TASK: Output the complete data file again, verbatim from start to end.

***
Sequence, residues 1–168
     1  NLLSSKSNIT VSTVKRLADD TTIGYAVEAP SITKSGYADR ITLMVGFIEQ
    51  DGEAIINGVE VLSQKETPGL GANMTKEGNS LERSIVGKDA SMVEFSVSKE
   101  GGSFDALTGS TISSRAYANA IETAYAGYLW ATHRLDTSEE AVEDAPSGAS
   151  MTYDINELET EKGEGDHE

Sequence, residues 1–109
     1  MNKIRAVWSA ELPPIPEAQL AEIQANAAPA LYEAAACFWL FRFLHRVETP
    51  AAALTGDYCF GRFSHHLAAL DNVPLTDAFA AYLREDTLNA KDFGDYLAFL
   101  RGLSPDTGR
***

Sequence, residues 1–168
     1  NLLSSKSNIT VSTVKRLADD TTIGYAVEAP SITKSGYADR ITLMVGFIEQ
    51  DGEAIINGVE VLSQKETPGL GANMTKEGNS LERSIVGKDA SMVEFSVSKE
   101  GGSFDALTGS TISSRAYANA IETAYAGYLW ATHRLDTSEE AVEDAPSGAS
   151  MTYDINELET EKGEGDHE

Sequence, residues 1–109
     1  MNKIRAVWSA ELPPIPEAQL AEIQANAAPA LYEAAACFWL FRFLHRVETP
    51  AAALTGDYCF GRFSHHLAAL DNVPLTDAFA AYLREDTLNA KDFGDYLAFL
   101  RGLSPDTGR